The writer also shows Charley’s wisdom. He is not only successful but a mature and wise person. Compared to Willy, he has a deeper understanding of life. This maturity and wisdom contribute to his ability to help and support those around him. Thus, he serves the purpose of contrasting Willy’s character in the play.
The Psyche of Happy Loman
Happy Loman is another psychological and insecure character in the play “Death of a Salesman”. It is Happy’s drawback that he tries to mimic his father’s behaviour. He seems a confident and charming person outwardly but from inside, he is victim of inferiority complext. He also struggles to define his own identity outside of his brother’s shadow.
Like his father, he measures his success in terms of wealth and status. In this way, his approach is entirely materialistic. He is of the view that only money and success can bring happiness.
It is also a key factor of his personality that he is unaware of the consequences of his actions. Happy is a complex and psychologically rich character who embodies many of the key themes and conflicts in the play. His desperate need for attention and approval, insecurity and low self-esteem, materialistic values as well as lack of self-awareness reflect the complexities of human psychology. Happy Lomans contribute to the play’s exploration of the American Dream and its impact on individuals and families.
Mental Sketch of Bernard
One of the minor characters Bernard is also worth mentioning in a psychological context. He believes in hard work. Thus, he wants to achieve his goals through hard work and determination. It is the result of his hard work that he becomes a successful lawyer. He gains respect around him because of his hard work. The writer puts him in juxtaposition with Willy Loman’s heirs.
Inner Conflicts of Ben
Ben is the older brother of Willy Loman in “Death of a Salesman” whose psychological traits have also been mentioned by the playwright in the play. In pursuit of his ambitions, he is ready to take any risk. The audience sees Ben getting success subject to sacrificing her family life.
He is also a rival to Charley. He is successful just like Charely but there is a difference between these two characters. Charley is humble after getting success whereas Ben is unethical and ruthless after achieving wealth. Charley is a moralistic character but Ben lacks morality. The writer warns the audience through Ben’s character that success must not be achieved after risking family life.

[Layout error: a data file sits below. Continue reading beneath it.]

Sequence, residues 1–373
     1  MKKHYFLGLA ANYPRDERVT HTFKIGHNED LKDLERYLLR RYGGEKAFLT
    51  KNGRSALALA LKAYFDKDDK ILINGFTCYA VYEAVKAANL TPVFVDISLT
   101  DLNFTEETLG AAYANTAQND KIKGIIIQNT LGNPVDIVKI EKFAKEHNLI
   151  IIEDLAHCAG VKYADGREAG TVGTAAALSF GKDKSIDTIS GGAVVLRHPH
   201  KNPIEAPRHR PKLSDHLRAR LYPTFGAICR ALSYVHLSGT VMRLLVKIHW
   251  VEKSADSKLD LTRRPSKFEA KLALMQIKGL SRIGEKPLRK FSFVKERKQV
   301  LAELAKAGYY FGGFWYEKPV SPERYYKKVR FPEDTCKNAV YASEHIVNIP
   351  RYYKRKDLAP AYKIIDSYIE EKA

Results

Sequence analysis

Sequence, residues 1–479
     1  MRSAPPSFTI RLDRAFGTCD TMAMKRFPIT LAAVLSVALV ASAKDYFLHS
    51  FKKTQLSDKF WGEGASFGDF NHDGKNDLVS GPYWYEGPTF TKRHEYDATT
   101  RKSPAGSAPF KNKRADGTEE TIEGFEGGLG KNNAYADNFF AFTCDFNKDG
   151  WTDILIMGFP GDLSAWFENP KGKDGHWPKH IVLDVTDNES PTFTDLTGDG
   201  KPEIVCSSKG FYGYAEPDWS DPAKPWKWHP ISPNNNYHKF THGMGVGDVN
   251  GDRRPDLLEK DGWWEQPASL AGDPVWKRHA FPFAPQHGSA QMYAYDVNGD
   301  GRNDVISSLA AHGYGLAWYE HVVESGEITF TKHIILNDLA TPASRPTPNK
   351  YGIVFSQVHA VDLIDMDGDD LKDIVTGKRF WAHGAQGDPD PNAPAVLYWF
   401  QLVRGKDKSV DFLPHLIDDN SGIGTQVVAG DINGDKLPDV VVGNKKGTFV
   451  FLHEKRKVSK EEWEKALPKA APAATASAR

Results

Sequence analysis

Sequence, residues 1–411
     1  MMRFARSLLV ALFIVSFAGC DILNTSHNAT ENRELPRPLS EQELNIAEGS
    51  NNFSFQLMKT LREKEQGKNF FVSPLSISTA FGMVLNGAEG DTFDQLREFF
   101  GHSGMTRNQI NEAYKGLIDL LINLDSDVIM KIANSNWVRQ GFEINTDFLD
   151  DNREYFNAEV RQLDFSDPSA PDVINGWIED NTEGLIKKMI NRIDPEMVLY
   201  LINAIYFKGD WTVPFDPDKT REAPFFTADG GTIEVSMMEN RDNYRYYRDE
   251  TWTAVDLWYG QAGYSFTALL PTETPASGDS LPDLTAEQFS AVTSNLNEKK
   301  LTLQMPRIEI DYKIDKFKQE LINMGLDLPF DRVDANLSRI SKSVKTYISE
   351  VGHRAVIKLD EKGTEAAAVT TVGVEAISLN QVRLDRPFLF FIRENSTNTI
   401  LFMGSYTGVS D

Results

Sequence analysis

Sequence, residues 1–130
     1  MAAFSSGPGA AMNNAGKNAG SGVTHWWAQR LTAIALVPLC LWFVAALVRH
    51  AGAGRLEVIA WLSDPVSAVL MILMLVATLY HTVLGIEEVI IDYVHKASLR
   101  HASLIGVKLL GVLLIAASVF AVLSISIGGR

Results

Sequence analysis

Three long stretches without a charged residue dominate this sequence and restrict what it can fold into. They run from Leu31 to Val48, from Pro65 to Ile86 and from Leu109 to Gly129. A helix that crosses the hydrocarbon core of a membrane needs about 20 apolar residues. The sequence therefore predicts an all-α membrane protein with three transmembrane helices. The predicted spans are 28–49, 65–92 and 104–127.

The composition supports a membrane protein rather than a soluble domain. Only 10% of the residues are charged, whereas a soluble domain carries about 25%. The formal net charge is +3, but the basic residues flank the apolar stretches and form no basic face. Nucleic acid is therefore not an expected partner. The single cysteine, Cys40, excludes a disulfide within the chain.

Last but not least, the playwright Arthur Miller wrote his famous play “Death of a Salesman” to show the universal psychological problems of every era. It is true that the play extensively portrays the inner conflicts and psychological problems of its characters. In fact, the play is a powerful exploration of the human psyche and the effects of societal pressures and expectations on individuals.
The writer sketches characters like Willy Loman to show the struggles of a common man, his inability to achieve goals, his feeling of despair and hopelessness and many other psychological problems in him.
Similarly, Willy’s wife is a typical common woman of Arthur Miller’s era. The writer also associates some common problems with this character. She is torn between her loyalty to Willy and her desire to help him overcome his problems.
The Loman sons, Biff and Happy, are also portrayed as psychologically complex characters. Especially, Biff is mentionable in this regard as he struggles with feelings of disappointment and disillusionment due to his father’s unrealistic dreams. Happy, on the other hand, has internalized his father’s values and is focused on superficial success and popularity.
Other characters, such as Bernard and Charley, are also portrayed as psychologically rich characters who reflect the complexities of human psychology. Bernard’s success and self-fulfilment contrast with the unfulfilled dreams of the Loman family, while Charley’s empathy and pragmatism serve as a counterpoint to Willy’s self-delusion and denial.
Thus, there is no denying the fact that the genre of the play “Death of a Salesman” is psychological. The writer shows the inner conflicts of his characters as well as their psychological problems. He also depicts that these problems are universal in nature and that almost every human faces or sees people around him facing the same. Thus, these are universal human experiences.